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The Walk Back

 This star exploded.

A hundred years or so later, one of the resulting cosmic rays entered the back of Raymond Wiench’s right hand as he worked at his desk. It sailed through the skin and flesh, just as it had sailed through planets and clouds of interstellar dust, without hitting a thing — and then, purely by chance, it smashed into an atom of the identity chip embedded there. This atom in turn collided with other atoms.

As a result, there occurred a glitch in that identity chip. A small thing in a person’s life.


Raymond hit the speaker.


“Ray? Hi. Chas here. Listen, I’m going to need those sales figures soon, if you can pass them along to me here.”

“Yeah, I sent them to you an hour ago. They should be in your files.”

“You did? Let me see… oh, great. Just give me a second. Oh, yeah. Here. Yeah. Here on page, uh, five. Do you have it up?”

Ray typed. “I do now. Page five?”

“Yeah. The Ling account?”

“I got it. Is something wrong?”

“Well, maybe not wrong. Missing, maybe. I got a note from Gutty saying they sent Ling a note for additional funds owed, when they returned those copiers. I don’t see it in here, though.”

“Oh, I know what you’re talking about. No, Gutty sent that to the subsidiary. I think it’s on page two or three. Just scroll down. It’s there somewhere.” No use in trying to get Chas to do a search, Ray knew.

“The subsidiary? You mean the Calgary office? I thought that was on page five, too. Yeah, here. But I don’t see the funds there, either.”

“No, not Calgary. Did you look at page two and three? If you don’t see it there, you can look in attachment four. I know it’ll be in there, anyway, in the attachment, listed along with everything else. Everything shows up there.”

“Yeah, if you can find it. Page four? No, I just don’t see it. Listen, Ray, why don’t you come on over here. I want to get this straightened out before the end of the day.”

“I didn’t say page four, I…” Ray gave up. “Yeah, OK, just let me close up here, and get over there. Want me to smuggle anything in there to you, over there in high-security country?”

“Just the usual. They’re more worried about what we might smuggle out, I think. Bring your gym bag; we’ll stuff it with IOU’s.”

“Sounds like a cunning plan. See you soon.”

Ray locked down his computer files and snagged his jacket from the doorknob of his office; he wouldn’t need to come back. He’d just catch the tram home after talking to Chas.

His hand caught in the sleeve as he put his jacket on, and he paused in his doorway until he got it on. He nodded at Maureen as he passed her desk, but she was talking on the phone and didn’t look up. That was good; Ray never knew what to say to people just in passing.

He took the second hallway on the left all the way to the glass door at the end. There was a scanner mounted on the wall next to the door, and Ray waved his hand over it.

The door didn’t open. He pushed at it. It didn’t move. Frowning, Ray waved his hand over it again, more slowly. “Oh, come on,” he said. Still, nothing.

“What the..?” He looked around, but there was no one nearby that he could complain to. He tried the scanner a third time, but the door remained closed.

What now? This had never happened to him before.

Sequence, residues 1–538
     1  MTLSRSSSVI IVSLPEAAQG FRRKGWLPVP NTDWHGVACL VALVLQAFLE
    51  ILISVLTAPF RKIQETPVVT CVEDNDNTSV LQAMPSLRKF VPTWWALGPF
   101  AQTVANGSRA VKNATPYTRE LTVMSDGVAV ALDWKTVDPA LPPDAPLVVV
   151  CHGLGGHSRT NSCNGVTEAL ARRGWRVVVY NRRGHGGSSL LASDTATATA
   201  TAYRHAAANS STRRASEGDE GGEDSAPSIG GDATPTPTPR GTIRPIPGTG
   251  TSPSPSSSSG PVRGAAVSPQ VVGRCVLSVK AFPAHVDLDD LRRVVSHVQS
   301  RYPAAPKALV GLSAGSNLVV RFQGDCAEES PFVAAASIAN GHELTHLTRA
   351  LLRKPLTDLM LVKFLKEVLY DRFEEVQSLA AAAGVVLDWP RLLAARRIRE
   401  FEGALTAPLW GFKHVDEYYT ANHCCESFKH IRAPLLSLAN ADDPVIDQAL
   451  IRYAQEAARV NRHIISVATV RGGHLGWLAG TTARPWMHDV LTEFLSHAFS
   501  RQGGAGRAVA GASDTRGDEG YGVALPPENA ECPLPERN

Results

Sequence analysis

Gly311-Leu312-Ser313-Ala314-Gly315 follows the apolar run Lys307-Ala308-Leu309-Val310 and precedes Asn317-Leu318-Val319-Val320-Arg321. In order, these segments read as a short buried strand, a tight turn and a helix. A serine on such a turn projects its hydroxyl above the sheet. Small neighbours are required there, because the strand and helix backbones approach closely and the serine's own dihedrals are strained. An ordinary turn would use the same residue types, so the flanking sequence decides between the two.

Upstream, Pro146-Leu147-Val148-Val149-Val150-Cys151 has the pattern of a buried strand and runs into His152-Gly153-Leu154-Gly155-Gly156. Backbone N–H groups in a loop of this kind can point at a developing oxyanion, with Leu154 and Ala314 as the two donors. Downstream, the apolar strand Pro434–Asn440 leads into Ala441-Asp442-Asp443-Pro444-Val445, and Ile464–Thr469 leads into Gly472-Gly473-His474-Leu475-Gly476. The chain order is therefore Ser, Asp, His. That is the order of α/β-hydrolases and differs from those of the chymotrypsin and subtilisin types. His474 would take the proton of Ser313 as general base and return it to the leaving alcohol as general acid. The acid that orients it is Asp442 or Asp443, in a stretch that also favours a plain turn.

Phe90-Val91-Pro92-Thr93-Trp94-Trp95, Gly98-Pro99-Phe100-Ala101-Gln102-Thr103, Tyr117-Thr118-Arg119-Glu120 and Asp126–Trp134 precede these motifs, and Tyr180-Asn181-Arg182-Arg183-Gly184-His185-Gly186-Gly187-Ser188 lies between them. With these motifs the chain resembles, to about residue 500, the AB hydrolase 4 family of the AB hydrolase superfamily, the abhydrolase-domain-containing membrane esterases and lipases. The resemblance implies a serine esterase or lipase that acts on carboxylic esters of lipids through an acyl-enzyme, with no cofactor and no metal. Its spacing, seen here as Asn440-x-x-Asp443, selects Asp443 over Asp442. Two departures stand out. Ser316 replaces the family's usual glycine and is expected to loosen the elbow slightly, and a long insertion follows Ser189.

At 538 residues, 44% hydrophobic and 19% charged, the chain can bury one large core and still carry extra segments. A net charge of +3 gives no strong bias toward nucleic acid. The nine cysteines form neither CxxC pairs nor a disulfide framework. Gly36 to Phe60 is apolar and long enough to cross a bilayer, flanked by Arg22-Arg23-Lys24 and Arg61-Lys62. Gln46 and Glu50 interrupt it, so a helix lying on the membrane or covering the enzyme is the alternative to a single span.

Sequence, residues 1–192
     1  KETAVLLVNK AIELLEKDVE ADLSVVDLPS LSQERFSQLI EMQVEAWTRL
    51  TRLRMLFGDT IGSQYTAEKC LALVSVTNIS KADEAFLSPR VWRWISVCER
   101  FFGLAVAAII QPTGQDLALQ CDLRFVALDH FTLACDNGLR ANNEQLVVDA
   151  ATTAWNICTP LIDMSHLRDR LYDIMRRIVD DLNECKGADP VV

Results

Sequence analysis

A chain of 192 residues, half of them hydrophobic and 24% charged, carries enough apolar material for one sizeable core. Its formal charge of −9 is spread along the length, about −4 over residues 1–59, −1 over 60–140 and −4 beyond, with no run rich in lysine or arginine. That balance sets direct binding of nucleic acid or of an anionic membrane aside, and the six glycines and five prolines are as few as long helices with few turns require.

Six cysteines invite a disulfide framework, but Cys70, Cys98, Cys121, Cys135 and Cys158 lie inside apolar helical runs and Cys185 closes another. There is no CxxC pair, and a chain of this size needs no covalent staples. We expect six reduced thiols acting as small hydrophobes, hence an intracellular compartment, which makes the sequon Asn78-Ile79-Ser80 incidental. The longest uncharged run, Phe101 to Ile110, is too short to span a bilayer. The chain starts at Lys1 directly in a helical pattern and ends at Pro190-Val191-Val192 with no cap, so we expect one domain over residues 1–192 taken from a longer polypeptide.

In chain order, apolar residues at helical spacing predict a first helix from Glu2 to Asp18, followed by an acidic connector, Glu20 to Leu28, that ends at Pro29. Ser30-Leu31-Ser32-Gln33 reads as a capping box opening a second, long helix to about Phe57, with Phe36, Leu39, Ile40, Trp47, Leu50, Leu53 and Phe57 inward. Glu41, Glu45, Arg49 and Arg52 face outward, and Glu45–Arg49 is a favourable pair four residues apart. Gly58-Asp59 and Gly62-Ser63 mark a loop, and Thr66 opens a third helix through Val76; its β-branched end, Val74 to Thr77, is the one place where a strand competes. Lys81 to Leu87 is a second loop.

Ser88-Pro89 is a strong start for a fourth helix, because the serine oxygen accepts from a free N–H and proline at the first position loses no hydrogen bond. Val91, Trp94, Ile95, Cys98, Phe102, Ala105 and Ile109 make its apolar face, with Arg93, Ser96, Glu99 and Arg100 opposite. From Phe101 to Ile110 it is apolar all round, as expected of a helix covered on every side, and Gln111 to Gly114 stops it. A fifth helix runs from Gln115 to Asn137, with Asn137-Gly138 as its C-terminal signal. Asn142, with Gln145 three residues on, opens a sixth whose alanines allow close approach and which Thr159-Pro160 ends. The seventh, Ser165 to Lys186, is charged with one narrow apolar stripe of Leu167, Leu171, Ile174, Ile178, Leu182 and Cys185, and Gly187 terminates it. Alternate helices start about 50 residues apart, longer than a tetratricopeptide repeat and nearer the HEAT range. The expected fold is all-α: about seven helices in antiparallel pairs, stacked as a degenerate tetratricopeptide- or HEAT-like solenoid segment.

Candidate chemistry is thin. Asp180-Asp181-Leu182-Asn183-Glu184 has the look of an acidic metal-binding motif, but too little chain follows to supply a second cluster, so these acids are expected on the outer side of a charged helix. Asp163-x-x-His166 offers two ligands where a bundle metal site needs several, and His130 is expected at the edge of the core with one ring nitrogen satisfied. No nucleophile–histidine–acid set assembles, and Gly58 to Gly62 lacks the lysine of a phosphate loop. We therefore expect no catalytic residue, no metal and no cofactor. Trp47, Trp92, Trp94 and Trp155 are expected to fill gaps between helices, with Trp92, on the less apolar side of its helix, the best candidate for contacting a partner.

He waited by the door, for what he didn’t know, for a short while, and then retreated down the hall again, glancing back at the door from time to time, as if it would suddenly apologize and open wide. He passed his own door and turned in. Maureen was no longer on the phone.

“Strangest thing,” he said to her. “The scanner wouldn’t open the door. I was off to see Chas about something.”

Maureen looked up, puzzled. “You’re cleared for that section.”

“Of course I’m cleared for it. But the thing didn’t open. The scanner must be broken or something.”

“I’ll call maintenance.”

“Thanks.” He picked up another phone from Maureen’s desk and punched in Chas’ extension.



“Yeah. I thought you’d be here by now.”

“Me, too. The scanner on the door must be broken. It wouldn’t let me into your section.”

“Well, that’s odd. I never heard of such a thing.”

“Me neither. Maureen is talking to maintenance now.”

“It may take a while for them to fix it. I’ll get the door for you.”

“Thanks. I’ll be back there in a minute.” He turned to Maureen, who had already finished her conversation.

“Maintenance said there’d been no complaints,” she said.

“Until mine,” he said. “Chas is going to let me in this time. I guess they’ll have it fixed by tomorrow.” He went back down the hallway.

Chas was waiting at the door, his puffy red face creased with a open-mouth, toothless smile. He opened it from his end as Ray approached. “I probably shouldn’t let you in. Maybe the scanner knows something I don’t,” he said, leading Ray back to his office. “Or maybe it’s just the darkness of your skin, blocking the ID chip from the scanner. Next time show it your hand palm up. That might help.”

Ray smiled thinly. He reminded himself that Chas wasn’t trying to be offensive.

“Actually,” Chas continued, “I had the scanner reprogrammed myself. All this talk of you being this hot up-and-comer, all work and no social life, makes me fear for my job. I got to keep you down somehow.”


Back in Chas’ office Ray quickly located the information Chas needed, and printed out hardcopies for him, of both page four and the attachment.

“You don’t need to print that out,” Chas said. “I know where to find it, now.”

“Yeah. This way, there’s no way even you can lose it again.” The printer stopped humming.

Chas waved vaguely at his desk. “You underestimate my clutter. Well, thanks anyway, Ray.”